Don’t be surprised to hear about more CHDers having the Ross Procedure to repair a damaged Aortic Valve. Invented by British surgeon Donald Ross in 1967, the Ross procedure is performed on roughly 1500 patients each year.
During the Ross Procedure, both the Aorta and the Pulmonary Artery are clamped and cut near the junction with the heart. The damaged Aortic Valve is then removed and discarded. The Pulmonary Valve is then removed and sewn into the Aortic Valve’s place. A frozen Pulmonary Valve (previously removed from a cadaver) is then reanimated and sewn into the opening left by the original Pulmonary Valve. In the final step, the Aorta and the Pulmonary artery are then sewn back into place. If this is a little confusing, here’s a helpful diagram.
It does seem a little strange – if you recall our memory trick for remembering the proper order of the valves, it’s “Three People Might Agree” – blood flows normally through the Tricuspid Valve, then the Pulmonary Valve, out to the lungs and back to the heart; through the Mitral Valve, and finally through the Aortic Valve and out to the body. T – P – M – A, or Three People Might Agree. If you follow the route after a Ross Procedure, you go through the Tricuspid, Pulmonary, Mitral, and another Pulmonary… Three People Might People! That makes no sense! But it works.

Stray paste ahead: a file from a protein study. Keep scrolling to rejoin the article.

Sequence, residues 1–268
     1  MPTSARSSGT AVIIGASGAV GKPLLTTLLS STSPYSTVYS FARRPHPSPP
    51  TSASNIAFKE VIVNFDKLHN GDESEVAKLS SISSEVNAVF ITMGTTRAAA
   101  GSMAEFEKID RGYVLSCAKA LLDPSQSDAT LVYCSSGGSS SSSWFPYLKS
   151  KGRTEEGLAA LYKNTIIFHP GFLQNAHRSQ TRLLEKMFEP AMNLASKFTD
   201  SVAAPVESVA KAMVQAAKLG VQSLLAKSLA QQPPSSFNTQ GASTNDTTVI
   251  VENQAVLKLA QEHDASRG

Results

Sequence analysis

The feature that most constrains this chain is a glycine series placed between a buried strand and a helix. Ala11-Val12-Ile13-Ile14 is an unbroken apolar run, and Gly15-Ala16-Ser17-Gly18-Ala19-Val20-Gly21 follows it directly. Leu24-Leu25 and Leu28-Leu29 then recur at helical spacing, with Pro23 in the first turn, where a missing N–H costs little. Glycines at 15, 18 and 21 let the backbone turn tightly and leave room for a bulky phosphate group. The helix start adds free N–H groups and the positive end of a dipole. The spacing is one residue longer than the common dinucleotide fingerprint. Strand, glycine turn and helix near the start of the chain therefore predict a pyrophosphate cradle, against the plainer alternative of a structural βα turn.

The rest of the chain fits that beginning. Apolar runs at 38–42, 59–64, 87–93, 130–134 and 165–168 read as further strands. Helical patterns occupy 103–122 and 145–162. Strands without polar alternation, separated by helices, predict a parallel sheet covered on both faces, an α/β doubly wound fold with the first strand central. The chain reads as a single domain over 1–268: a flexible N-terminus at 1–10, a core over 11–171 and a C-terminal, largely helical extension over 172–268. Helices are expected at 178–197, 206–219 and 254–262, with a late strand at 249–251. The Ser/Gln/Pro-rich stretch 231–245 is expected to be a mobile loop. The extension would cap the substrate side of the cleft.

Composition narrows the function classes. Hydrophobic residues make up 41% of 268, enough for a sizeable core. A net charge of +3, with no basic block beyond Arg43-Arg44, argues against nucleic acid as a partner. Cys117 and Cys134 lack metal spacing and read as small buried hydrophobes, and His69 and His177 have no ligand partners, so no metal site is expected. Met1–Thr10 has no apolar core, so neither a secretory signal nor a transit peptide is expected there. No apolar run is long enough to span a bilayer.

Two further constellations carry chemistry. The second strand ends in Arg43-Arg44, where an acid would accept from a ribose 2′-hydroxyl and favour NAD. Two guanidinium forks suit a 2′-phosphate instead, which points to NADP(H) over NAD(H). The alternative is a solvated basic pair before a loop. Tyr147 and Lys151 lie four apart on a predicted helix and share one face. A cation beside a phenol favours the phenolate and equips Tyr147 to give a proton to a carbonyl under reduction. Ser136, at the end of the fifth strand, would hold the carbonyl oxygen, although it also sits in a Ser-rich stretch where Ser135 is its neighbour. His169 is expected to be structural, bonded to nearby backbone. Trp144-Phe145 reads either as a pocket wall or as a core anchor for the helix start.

New research has shown that the Ross Procedure has a high survival rate, and the cadaver valve works well – after 20 years, 80% of Ross patients did not need replacement of either Pulmonary Valve. The operation also has the advantage of growing with the patient (great for children!) and no need for anticoagulation… Goodness knows, I wish I didn’t have to have an INR test ever few weeks!